Joshua Kappel Is a Person to Watch in Colorado in 2024 | Westword


People to Watch 2024: Joshua Kappel Pushes Psychedelics Policy

"If you're making positive change in the world, there are always going to be people hating on what you’re doing,"
Josh Kappel
Josh Kappel Vicente LLP
Share this:
Business owners, lawyers and lobbyists across Colorado have been scurrying to carve out pieces of the state's emerging mushroom space since voters decriminalized and legalized certain psychedelics late last year. As one of a handful of attorneys who co-wrote the groundbreaking Proposition 122, Joshua Kappel had already secured a seat at the table, and his plate should be full in 2024.

The Vicente LLP lawyer began his career in the trenches of the fight for cannabis legalization in 2007, taking leading roles in Students for Sensible Drug Policy while at the University of Denver, then with the Amendment 64 campaign to legalize recreational marijuana in Colorado. After developing a "deep relationship" with psychedelics and being approached to help with the effort to decriminalize psilocybin mushrooms in Denver about five years ago, Kappel began wading deeper into psychedelics and away from cannabis.

Now, a year after pushing through the most comprehensive set of psychedelics reform laws in the country's history,
Kappel finds himself consulting on similar efforts across the United States, with influential roles in Massachusetts's current psychedelic initiative and as an advisor to the Healing Advocacy Fund, an organization that helps with the implementation of new psychedelic laws in both Colorado and Oregon.

"I learned that anything is possible when we were part of the first state to legalize cannabis. People said it couldn't be done, and people at law school said I would never get another job," he says. "Now my duty and drama for the next year is to make sure this keeps working, that we put together regulations that are safe and responsible and inclusive — regulations that honor the indigenous medicine keepers who’ve been working in medicine for so long."
click to enlarge two men celebrating
Joshua Kappel and Kevin Matthews celebrate the passage of Proposition 122.
Vicente LLP
Kappel isn't on any government boards right now, estimating that around 90 to 95 percent of his clients work in the psychedelics space. He calls himself a "nerdy policy attorney," but recognizes that he's in a "unique position" as one of a select handful of psychedelics attorneys who have the ear of government officials. Kappel works hard behind the scenes as state psychedelics boards convene with the Colorado Department of Regulatory Affairs and the Colorado Department of Revenue, and is regularly consulted on his legal interpretation of Colorado's new psychedelics law.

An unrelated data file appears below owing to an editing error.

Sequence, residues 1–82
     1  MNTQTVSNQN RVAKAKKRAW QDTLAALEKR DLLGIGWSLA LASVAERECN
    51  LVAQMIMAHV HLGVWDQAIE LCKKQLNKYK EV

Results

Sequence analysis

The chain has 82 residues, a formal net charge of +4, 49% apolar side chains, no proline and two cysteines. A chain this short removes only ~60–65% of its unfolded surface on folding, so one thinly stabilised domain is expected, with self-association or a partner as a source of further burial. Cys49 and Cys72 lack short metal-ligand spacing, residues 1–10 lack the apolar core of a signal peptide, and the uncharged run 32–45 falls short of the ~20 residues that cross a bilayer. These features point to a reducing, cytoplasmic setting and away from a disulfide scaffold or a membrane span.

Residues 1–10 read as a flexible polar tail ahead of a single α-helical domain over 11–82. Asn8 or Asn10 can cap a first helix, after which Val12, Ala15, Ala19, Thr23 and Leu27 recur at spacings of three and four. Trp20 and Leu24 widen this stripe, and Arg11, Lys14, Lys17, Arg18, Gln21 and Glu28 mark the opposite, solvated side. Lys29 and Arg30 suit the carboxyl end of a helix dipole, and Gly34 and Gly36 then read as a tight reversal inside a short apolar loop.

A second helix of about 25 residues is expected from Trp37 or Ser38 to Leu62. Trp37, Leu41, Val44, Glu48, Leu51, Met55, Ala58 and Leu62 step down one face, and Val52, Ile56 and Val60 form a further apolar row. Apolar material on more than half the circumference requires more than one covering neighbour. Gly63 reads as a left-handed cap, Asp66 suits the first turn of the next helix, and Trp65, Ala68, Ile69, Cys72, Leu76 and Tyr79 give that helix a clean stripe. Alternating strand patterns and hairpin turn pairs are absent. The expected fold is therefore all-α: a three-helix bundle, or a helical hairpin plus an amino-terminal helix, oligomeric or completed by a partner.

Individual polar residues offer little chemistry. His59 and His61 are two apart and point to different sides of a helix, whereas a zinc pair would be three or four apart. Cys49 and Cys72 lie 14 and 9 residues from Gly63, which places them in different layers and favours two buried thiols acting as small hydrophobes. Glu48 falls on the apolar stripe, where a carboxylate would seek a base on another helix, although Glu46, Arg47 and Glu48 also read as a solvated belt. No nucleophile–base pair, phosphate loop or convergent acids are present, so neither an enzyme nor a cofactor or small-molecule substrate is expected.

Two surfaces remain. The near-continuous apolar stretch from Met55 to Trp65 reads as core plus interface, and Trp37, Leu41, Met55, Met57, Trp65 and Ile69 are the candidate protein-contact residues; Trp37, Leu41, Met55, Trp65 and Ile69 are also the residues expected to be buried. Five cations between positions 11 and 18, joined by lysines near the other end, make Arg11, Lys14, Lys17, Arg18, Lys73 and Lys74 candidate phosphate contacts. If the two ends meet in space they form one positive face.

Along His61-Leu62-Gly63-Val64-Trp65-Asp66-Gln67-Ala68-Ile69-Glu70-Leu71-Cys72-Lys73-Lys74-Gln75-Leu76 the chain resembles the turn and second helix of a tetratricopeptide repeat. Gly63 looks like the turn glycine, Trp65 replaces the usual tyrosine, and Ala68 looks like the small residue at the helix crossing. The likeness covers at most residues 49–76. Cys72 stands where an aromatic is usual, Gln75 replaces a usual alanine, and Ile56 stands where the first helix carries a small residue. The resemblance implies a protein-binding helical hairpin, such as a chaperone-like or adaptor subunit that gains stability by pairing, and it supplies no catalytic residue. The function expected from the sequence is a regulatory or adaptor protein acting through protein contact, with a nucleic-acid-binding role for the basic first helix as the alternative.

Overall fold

Not all of Colorado's psychedelic community agrees with Kappel's strategy, however; some factions are critical that he and Prop 122's co-authors didn't pursue more allowances for personal use and spiritual guidance. Other critics believe he has too much influence over Colorado's natural medicine regulators.

"If you're making positive change in the world, there are always going to be people hating on what you’re doing," Kappel says. "There was a group of people who wanted the policy to be better, and 'better' is generally more liberal or permissive. It's not like I don’t share those goals, but at the end of the day, you have to make changes that the people of Colorado are comfortable with. I try my best to listen to everyone, and there are many decision makers in any movement."

Kappel plans to be busy next year monitoring how state and local governments implement the medical psilocybin program. Applications could be available for Colorado mushroom cultivators, processors and facilitators as early as late 2024 or early 2025; while local municipalities aren't allowed to ban such businesses, they can add time, place and manner rules. All of this will shape how medical psilocybin is viewed in Colorado and across the country as more states consider similar action, he says, and it could impact upcoming DORA decisions about the future medical legality of DMT, ibogaine and mescaline.

"It will be very interesting with how local governments zone these businesses and what is put in place around them, and how these conversations and lessons learned in Colorado affect other states," Kappel notes. "So this is my duty right now: to help make this program work in Colorado."

Other People to Watch in 2024:

Dede de Percin, CEO of Colorado Village Collaborative
JR Payne, Head Coach of CU Women's Basketball
Thoa and An Nguyen, Chefs Doing It Their Way
Andrea Gibson, Colorado's New Poet Laureate
Mario Nocifera and Robert Champion, Nightlife Kings
Joshua Kappel, Psychedelics Policy Advisor
Tim Hernandez, Colorado Capitol's New Firebrand
KEEP WESTWORD FREE... Since we started Westword, it has been defined as the free, independent voice of Denver, and we'd like to keep it that way. Your membership allows us to continue offering readers access to our incisive coverage of local news, food, and culture with no paywalls. You can support us by joining as a member for as little as $1.